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USA 2018 (7) Otters! If I had been disappointed at the lack of snow hitherto, I could have no complaint now. This was the view from my Lexington hotel bedroom at Jackson Hole on the Sunday morning.

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It had snowed!

We set off northwards through Grand Teton National Park.  The views were beautiful, (though not as beautiful as the following day).

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Like many of my photos, taken through the smoked glass of the vehicle window. And the mist.

Wanting the opportunity to take photos in the open, we stopped after a while by the Snake River/Jackson Lake, to be delighted to see through the mist and snow some little dots – which turned out to be river otters! Now otters, along with dolphins and felines, are my favourite animals – not very original, but there we are. P1290463001

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Emerging from their holt

 

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There were swans as well – this is a very long way off…

Right on cue they came bounding in our direction, though they were not aware of us. (These photos were taken with my camera on maximum – x24 – zoom, and I have enlarged them a little since.)  Then two more otters revealed themselves, nearer to us, and the first group ran towards them. P1290481001P1290484001

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I love how you can see their converging tracks.

All enjoyed a playful bundle for a couple of minutes.  Then, just like that, all seven decided to turn back. P1290498001P1290503001P1290506001I decided it was time to take a video,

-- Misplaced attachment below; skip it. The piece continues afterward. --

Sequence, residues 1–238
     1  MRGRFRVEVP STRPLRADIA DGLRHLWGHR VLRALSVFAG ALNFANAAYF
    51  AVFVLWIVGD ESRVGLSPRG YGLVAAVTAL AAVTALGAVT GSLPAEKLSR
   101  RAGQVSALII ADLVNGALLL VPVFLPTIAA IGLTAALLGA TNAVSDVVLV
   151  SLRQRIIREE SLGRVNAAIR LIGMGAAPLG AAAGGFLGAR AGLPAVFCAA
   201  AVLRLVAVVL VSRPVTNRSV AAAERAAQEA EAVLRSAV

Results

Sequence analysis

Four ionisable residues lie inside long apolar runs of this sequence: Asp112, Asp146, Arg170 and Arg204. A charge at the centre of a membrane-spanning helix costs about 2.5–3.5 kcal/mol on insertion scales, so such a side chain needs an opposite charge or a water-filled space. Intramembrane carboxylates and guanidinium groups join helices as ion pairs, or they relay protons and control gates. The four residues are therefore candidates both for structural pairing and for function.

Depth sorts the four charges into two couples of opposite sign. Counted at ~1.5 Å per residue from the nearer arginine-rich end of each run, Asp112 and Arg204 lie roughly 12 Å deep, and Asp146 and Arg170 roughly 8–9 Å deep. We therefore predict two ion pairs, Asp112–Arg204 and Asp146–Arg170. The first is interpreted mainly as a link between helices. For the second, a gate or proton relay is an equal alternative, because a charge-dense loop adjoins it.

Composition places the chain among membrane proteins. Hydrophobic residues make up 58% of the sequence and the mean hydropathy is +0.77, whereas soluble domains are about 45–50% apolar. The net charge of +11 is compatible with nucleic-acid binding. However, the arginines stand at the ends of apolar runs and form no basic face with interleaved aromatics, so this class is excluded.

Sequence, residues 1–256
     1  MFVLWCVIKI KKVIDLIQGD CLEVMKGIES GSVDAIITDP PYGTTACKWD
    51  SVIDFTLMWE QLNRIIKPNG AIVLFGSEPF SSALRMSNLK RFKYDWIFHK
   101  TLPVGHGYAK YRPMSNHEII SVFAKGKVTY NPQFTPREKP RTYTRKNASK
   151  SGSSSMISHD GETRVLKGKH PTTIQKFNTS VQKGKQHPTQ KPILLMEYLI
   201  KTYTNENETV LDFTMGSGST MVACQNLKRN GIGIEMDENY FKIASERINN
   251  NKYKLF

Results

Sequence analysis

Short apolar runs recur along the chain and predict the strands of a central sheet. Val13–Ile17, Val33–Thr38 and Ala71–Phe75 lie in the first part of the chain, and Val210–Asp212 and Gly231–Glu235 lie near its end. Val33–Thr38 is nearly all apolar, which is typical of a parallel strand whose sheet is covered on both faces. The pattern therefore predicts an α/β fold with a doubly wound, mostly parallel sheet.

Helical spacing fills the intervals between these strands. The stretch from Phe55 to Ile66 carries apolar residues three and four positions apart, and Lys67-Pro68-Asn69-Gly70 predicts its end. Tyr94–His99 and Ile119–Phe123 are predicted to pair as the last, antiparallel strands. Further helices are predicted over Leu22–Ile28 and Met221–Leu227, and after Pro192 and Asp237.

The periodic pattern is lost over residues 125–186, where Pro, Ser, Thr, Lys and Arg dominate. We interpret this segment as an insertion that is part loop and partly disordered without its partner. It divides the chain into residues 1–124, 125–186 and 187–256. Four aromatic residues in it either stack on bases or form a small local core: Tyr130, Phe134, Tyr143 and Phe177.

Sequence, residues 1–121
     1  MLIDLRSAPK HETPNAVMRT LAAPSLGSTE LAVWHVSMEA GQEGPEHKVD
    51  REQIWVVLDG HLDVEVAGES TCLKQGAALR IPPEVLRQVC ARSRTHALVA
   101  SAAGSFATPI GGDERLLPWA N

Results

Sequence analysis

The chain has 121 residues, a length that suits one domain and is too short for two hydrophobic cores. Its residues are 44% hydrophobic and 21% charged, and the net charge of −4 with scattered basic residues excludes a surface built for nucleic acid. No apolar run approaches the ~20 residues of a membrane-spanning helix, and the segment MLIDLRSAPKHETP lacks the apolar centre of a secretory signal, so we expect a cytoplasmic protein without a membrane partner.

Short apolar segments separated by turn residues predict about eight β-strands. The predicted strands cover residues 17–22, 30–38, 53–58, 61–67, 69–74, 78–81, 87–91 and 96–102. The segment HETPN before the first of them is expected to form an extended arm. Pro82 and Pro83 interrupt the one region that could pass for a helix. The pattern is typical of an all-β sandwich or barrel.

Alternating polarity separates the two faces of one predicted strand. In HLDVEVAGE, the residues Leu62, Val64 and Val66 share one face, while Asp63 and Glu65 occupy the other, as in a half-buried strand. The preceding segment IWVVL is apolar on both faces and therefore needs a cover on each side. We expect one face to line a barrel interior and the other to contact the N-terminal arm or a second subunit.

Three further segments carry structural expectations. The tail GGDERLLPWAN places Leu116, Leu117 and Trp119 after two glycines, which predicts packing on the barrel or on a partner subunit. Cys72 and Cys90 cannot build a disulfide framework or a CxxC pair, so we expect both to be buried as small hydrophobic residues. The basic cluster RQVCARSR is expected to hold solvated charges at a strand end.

and the otters disappeared back to where they had come from.P1290512001P1290514001

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The swans were still there

What a magical experience!  Many agreed at the end of the trip that this had been a real highlight.

We continued, leaving the Grand Teton NP, and stopped at the Flagg Ranch Information Station in the JD Rockefeller Memorial Parkway, for hot chocolate and a change of vehicle. (For some reason they didn’t charge me for my hot chocolate as I had provided my own insulated drinking can, a gift, along with a metal water bottle, from Natural Habitat at the outset.)P1290529001P1290527001 We continued climbing, into Yellowstone National Park, the first (1872) NP ever declared in the world. The snow was getting thicker and falling faster.P1290538001 Snowcoaches it was now.

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I don’t know how our luggage made it from hotel to hotel every night, but it was following us on skis at this point!

Our next stop – and descent from the vehicles – was to see the Lewis Falls. These are at the southern rim of the Yellowstone supervolcano caldera. P1290555001P1290561001 Not that I was aware of it at the time.

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The NP is in the NE corner of Wyoming, slightly overlapping Montana and Idaho to the N and E respectively. The approximate line of the caldera is shown here in grey.

Our lunch stop was at West Thumb, in a ‘warming hut’.P1290580

 

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The warming hut – outside

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The warming hut – inside. Two of the Nat Hab water bottles can be seen.

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The loos. Talk about amazing surroundings!

The hut was actually too warm for me, all wrapped up in the great boots and fantastic parka provided by Natural Habitat for the trip.  (The parka was 80% duck down and 20% feather.  I had packed silk sock liners and silk glove liners, which I wore under alpaca looped long socks and Hollofil mittens. I had very few problems with the cold, at which I was very surprised, given my usual hatred of anything below 21 deg C/70 deg F.  In addition, the leaders provided toe and hand warmers as topping up, of which I only availed myself on the last two days.)

We assembled to go for a walk in the snow.P1290597